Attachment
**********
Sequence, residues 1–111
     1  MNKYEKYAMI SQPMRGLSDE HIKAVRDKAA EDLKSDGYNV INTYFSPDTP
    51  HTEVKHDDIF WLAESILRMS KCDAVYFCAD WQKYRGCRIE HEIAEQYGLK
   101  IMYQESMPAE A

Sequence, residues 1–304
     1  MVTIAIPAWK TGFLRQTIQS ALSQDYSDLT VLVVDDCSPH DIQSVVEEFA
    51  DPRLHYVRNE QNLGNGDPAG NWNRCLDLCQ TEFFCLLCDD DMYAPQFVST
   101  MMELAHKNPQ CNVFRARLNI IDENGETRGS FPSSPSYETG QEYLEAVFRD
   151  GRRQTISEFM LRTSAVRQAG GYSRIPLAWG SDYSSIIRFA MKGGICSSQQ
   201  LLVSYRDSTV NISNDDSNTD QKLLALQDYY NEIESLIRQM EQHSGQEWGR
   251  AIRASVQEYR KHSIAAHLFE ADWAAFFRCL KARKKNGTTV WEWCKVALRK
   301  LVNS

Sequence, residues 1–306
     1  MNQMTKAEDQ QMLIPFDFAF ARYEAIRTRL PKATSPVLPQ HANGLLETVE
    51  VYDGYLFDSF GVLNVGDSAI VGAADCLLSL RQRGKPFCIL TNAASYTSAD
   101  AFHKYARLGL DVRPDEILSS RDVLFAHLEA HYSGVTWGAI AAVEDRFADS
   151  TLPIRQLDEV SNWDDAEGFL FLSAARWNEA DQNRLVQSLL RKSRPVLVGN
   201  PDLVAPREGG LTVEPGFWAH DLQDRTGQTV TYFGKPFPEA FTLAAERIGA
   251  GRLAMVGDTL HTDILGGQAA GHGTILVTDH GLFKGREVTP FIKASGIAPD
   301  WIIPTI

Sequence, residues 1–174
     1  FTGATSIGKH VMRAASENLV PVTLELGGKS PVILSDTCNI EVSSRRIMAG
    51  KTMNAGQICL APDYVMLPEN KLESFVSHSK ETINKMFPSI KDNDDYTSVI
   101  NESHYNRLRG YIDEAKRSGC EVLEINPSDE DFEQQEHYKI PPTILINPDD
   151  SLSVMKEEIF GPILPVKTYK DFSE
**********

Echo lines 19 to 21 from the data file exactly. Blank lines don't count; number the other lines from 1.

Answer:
   251  GRLAMVGDTL HTDILGGQAA GHGTILVTDH GLFKGREVTP FIKASGIAPD
   301  WIIPTI

Sequence, residues 1–174